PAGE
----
Congratulations to our 2020 Individual Award winners!
Individual awards honor students who have demonstrated leadership and community service in various areas at Vanderbilt. Each award is accompanied by a stipend, as well as a trophy to commemorate the award. If you have not set-up direct deposit, please login to your YES account to sign-up. Note that any outstanding charges on your student account will be automatically deducted from your total stipend award amount.
Individual Award Descriptions
Accolade: The Chancellor’s Diversity Award
The Accolade Award recognizes a rising senior whose academic achievement and participation in extracurricular activities have contributed to the diversification of the Vanderbilt student body. Applicants must be enrolled as a full-time student and be scheduled to graduate May of 2019. It carries with it a scholarship to be applied to a student’s final year at Vanderbilt.
Casey Carter Bonar Award
This award was established in 2010 to honor the memory of Casey Carter Bonar. Based on the legacy of extraordinary leadership she left behind, this award is presented annually to a Vanderbilt graduating senior who embodies the unique qualities that Casey brought to the university – leadership, broad collaboration, enthusiasm, passion for campus involvement, selfless service to Vanderbilt, and, always, dedication to positive change. A senior who most exemplifies the sparkling point of light that was Casey Carter Bonar will be selected as the award recipient.
Glenn & Elizabeth Bogitsh Award
In 1989, this award was established in memory of Vanderbilt alumni Glenn and Elizabeth Bogitsh in order to recognize high standards in physical fitness, participation in recreational sports, and sportsmanship. This award is given annually to a Vanderbilt undergraduate or graduate student, who has best demonstrated a strong commitment to campus recreational programs and, by example and leadership, has inspired participation and sportsmanlike conduct in these activities. The recipient of this award will have their name engraved on a plaque displayed in the Student Recreation Center.
Imani Award: The Rev. James Lawson Award for Campus and Community Leadership
The Imani Award honors the Rev. James Lawson, who served as a faithful and determined leader in the African-American community during the Civil Rights Movement and is still very active today, including teaching here at Vanderbilt. Imani is the Swahili word for “Faith.” Funded by the Bishop Joseph Johnson Black Cultural Center, this award recognizes a graduating senior who has continuously been an integral part of campus life and has demonstrated an outstanding capacity for leadership and devotion to Vanderbilt. The senior recipient receives a monetary award and a trophy to commemorate the award.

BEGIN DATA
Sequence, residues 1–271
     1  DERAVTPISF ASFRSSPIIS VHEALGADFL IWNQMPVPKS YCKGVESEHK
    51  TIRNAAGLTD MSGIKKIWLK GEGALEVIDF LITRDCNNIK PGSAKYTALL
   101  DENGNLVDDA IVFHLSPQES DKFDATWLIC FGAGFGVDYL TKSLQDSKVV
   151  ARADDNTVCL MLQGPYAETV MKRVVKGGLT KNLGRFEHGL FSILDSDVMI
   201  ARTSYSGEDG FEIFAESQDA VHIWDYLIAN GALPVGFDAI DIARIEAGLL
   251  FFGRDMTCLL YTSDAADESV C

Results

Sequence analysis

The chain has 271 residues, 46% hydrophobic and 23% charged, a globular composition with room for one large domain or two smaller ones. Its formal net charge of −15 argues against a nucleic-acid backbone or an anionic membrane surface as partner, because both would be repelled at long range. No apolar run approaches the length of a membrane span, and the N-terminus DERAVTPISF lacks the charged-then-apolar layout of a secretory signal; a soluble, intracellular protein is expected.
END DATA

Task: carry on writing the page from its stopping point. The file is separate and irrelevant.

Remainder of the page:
Lori Groves-White Award for Advocacy and Courage
This award given by the Office of the Dean of Students in honor of Lori Groves-White, recognizes an undergraduate student who has dedicated their time at Vanderbilt to advocating for underrepresented and marginalized communities. This student should be one who has demonstrated courage and resilience in the face of troubling circumstances and a willingness to humbly promote the betterment of the Vanderbilt community. The recipient of this award should demonstrate a commitment to advocacy and positive change within the Vanderbilt community.
These awards are presented through the generosity of the McGill family in honor of Dr. John T. and Lizzie Allen McGill who provided students with an atmosphere of hospitality and guidance through their years at Vanderbilt. A graduate of Vanderbilt in 1879, John McGill spent his life in service to Vanderbilt. He served as professor emeritus of chemistry, Dean of the School of Pharmacy and finally a historian of the University. Students may apply to multiple McGill Awards.